So, is releasing Tilikum an option?

Doubt it.

Do I like the Sea World model?

No, because they kiss the whales, hug them and make them seem pet-like when they are big, smart predators.

In the aftermath of the tragedy of the Tilikum incident we are going to see a lot of things–and hopefully no footage of the actual incident.

Will we see changes in the show model? Probably not, they’ve always been about entertainment and in the amusement park business.

What I’ve heard is that a team of animal behavior experts from groups such as the Alliance of Marine Mammal Parks and Aquariums and the International Marine Animal Trainers’ Association will be reviewing existing procedures with Tilikum.

Whether you like the Sea World model or not, take a minute to read this statement give to PBS back in 1997.

Although I’ve never agreed with their presentation models, I do think this statement hits the nail on the head for how captive animals can make a difference.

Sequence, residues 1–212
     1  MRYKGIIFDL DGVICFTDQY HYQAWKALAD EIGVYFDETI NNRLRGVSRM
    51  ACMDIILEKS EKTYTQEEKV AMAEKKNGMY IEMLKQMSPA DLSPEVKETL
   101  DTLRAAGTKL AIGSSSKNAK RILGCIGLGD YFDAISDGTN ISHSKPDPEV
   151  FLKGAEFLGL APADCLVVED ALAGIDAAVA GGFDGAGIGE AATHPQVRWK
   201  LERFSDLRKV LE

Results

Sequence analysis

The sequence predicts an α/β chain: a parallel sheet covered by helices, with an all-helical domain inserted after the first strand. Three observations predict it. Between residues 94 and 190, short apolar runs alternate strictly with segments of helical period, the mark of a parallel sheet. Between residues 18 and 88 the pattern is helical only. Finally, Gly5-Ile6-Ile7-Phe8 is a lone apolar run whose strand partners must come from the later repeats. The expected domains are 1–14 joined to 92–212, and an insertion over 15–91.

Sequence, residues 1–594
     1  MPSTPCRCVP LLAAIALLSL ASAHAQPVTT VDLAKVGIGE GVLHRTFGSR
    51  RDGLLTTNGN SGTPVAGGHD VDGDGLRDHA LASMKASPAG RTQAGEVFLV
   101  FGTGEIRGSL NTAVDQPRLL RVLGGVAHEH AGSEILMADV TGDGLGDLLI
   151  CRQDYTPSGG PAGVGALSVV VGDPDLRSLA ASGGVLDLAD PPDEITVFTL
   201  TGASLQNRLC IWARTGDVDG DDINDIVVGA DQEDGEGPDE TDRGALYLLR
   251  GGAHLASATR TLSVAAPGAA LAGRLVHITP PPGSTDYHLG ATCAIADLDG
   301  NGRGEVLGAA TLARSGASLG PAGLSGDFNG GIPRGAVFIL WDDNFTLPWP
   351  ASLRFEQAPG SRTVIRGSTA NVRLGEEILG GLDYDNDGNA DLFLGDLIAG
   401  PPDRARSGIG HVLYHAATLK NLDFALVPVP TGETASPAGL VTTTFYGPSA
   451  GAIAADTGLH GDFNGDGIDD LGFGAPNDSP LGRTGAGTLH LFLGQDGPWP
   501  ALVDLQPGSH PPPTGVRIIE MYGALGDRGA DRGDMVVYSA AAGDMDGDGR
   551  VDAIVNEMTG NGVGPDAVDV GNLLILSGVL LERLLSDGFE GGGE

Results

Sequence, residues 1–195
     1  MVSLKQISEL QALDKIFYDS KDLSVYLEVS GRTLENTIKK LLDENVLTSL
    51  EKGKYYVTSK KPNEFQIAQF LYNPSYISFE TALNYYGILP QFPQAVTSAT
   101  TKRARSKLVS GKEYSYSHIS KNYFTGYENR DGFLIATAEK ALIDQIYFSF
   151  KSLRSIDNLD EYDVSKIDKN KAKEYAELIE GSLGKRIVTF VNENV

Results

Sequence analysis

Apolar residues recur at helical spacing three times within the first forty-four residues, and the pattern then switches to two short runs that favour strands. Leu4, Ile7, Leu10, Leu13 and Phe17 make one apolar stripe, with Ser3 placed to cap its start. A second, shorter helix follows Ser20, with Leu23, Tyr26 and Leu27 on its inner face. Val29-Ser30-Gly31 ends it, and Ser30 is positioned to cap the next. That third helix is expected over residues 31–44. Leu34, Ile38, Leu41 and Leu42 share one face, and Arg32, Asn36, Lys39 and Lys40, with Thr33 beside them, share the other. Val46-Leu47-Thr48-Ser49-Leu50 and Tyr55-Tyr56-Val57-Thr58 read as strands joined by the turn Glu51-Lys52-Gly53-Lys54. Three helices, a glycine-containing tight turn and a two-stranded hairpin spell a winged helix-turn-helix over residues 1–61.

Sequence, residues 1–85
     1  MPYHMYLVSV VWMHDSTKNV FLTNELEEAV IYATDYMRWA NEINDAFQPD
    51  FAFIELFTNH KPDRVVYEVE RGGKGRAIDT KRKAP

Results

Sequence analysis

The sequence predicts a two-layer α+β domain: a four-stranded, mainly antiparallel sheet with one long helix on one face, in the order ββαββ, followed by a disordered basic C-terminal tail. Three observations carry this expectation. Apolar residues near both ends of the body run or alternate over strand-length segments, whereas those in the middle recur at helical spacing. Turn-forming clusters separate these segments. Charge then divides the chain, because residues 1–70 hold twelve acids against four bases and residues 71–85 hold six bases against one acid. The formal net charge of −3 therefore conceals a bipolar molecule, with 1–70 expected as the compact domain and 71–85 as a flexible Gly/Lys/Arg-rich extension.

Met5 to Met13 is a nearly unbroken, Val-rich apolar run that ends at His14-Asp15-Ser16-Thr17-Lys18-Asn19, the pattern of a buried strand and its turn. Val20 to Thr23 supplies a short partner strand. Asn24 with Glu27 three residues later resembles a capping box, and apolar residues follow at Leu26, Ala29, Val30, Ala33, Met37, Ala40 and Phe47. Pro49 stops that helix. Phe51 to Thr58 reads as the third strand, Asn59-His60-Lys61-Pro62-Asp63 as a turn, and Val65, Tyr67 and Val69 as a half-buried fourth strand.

I think that as our population becomes more and more crowded, more people are urbanized, if you will, there’s less natural contact with animals living in the wild. I don’t think that it’s rational for us to assume that people are going to be able to get experiences with wild animals by all going into the wild, there’s too many of us, we’ll destroy what little habitat is left by trying to do that.

I actually calculated once how many boat trips it would take to take all the Sea World guests that come to Sea World each year out to sea killer whales at Robson Bight, and it was over two thousand boat trips a day [that] would have to go out of Robson Bight. Well that would be ludicrous.

So I think the mandate for the future , if want a public that’s knowledgeable about wild animals and has some sensitivity about them, if we want our children to have a chance to see many of these animals, it’s gonna have to be in places like Sea World and the rest of the zoos in the world. These are gonna be the places where people are gonna be able to get in touch with nature without destroying habitat.

Now you might not agree but I’ve been around a while and have seen the change that has happened from public exposure to animals–which is why so many people give a sh** today and think that captivity is not for the highest good.

I hope your are not sick of my rant but I think this is a big important topic and more complex than people think which is why I’ve been spending so much time on it.

I promise to wind  up shortly–but in the meantime, Take a moment to leave your comments below, I’d be interested in what you have to say on this issue.

4-29-2010 Update: